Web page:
Background: Indigent patients in a county hospital setting typically present with breast cancer at a later stage than do patients in the private sector. In the early 1980s, 50% of all breast cancers diagnosed in our county hospital were stages III and IV. This contrasted markedly with the findings of an American College of Surgeons study, which showed <15% of breast cancers diagnosed as stages III and IV. Methods: Recognizing this disparity, we instituted a breast screening project in the county teaching hospital targeted at women who routinely received medical care in the county hospital clinics. Between 1985 and 1992, 14,567 mammograms were performed. Results: Two hundred eighty-nine breast biopsies were performed and 76 cancers were identified (26%). Ninety-five patients advised to have surgical consultation for biopsy declined further evaluation. The stage distribution of cancers diagnosed was as follows: stage 0, 20%; stage I, 43%; stage II, 28%; stage III, 8%; and stage IV, 1%. This compares favorably with National Cancer Data Base statistics for 1988. In contrast, symptomatic nonscreened patients diagnosed at the county hospital in 1992 presented at a significantly more advanced stage: stage 0, 1%; stage I, 14%; stage II, 45%; stage III, 26%; and stage IV, 13%. Conclusions: Mammographic screening has lowered the stage of cancers diagnosed in the screened indigent population. However, a significant percentage of patients are presenting to our hospital with stage III and IV disease. Problems identified in the screening project included noncompliance with recommendations for follow-up of abnormal studies and noncompliance with appointments. In order to broaden the impact of our breast screening project, we have instituted outreach programs with community-based clinics and the American Cancer Society.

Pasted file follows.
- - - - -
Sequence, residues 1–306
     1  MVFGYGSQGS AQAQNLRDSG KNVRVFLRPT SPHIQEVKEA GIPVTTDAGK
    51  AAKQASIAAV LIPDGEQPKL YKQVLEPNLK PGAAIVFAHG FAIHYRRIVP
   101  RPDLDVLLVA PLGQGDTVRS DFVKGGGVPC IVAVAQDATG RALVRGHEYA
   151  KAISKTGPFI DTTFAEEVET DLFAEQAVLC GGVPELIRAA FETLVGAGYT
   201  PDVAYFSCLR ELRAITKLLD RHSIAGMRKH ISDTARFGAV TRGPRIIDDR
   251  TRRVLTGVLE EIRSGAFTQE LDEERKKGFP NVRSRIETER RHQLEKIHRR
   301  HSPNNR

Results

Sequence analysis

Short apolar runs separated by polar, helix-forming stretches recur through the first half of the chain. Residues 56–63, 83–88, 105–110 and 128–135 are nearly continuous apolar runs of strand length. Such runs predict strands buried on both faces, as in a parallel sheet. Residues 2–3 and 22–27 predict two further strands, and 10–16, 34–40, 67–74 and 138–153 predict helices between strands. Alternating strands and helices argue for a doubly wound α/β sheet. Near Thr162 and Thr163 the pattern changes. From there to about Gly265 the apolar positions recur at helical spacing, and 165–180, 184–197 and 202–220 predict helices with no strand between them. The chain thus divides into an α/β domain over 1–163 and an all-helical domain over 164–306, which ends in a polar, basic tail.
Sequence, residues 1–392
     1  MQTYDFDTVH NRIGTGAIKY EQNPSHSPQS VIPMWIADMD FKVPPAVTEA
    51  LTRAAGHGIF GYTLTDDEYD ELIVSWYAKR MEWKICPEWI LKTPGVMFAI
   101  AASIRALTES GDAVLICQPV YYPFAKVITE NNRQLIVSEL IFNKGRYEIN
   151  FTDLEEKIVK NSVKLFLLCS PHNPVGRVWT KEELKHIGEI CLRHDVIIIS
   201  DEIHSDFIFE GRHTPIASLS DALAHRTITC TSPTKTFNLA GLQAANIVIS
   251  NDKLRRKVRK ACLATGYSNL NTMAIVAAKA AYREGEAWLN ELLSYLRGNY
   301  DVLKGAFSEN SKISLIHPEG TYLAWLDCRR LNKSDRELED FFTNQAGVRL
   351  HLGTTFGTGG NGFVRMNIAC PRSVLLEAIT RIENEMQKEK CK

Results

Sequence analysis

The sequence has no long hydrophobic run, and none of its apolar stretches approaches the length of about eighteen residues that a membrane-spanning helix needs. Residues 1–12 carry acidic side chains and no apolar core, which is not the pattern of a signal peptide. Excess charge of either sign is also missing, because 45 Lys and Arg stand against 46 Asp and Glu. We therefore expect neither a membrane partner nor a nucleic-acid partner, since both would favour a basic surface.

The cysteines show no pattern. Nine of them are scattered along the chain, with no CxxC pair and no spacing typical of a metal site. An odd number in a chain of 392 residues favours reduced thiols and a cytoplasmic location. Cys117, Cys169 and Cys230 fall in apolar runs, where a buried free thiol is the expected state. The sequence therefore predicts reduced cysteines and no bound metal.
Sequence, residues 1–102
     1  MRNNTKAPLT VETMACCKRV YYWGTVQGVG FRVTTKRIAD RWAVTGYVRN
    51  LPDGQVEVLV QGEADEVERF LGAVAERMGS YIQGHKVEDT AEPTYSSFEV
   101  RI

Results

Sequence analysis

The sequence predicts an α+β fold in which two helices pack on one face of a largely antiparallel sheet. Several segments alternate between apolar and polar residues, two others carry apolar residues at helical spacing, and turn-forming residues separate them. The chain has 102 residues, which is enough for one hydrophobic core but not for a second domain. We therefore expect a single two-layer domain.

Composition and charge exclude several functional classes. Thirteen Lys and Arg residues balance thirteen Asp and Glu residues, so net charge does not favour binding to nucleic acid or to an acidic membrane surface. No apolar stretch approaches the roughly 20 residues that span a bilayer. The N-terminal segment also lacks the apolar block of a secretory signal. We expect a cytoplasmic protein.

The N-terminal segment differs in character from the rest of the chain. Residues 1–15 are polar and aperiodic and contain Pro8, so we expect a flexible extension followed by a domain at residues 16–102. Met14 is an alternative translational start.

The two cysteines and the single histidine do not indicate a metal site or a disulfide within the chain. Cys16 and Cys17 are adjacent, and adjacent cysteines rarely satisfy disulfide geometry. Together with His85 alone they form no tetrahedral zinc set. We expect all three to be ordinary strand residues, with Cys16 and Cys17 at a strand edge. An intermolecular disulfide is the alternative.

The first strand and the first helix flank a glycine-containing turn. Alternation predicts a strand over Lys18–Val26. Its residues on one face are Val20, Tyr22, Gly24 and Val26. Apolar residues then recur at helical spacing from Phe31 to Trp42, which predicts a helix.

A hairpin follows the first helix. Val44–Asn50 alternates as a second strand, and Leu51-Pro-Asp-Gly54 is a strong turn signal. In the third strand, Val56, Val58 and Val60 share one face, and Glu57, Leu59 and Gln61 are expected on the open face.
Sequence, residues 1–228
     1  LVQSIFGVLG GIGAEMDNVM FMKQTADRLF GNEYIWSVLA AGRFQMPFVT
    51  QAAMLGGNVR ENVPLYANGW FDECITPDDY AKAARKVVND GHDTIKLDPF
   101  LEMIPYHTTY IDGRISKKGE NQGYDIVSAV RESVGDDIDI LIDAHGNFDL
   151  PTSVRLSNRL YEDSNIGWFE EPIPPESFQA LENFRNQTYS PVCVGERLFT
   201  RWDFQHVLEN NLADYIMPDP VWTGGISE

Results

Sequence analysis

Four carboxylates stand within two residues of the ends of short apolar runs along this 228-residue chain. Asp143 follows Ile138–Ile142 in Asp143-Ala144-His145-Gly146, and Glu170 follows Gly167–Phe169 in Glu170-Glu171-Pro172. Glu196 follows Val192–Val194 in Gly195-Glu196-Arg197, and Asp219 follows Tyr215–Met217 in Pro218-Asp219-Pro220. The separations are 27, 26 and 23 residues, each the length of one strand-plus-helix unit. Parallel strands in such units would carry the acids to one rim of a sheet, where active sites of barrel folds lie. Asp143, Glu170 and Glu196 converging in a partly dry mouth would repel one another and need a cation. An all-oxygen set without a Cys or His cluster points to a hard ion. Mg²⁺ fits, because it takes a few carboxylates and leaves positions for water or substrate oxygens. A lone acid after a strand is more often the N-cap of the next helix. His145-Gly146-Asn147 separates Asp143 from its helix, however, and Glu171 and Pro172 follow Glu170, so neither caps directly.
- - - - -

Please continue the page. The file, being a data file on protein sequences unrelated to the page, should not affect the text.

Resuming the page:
- Indigent women
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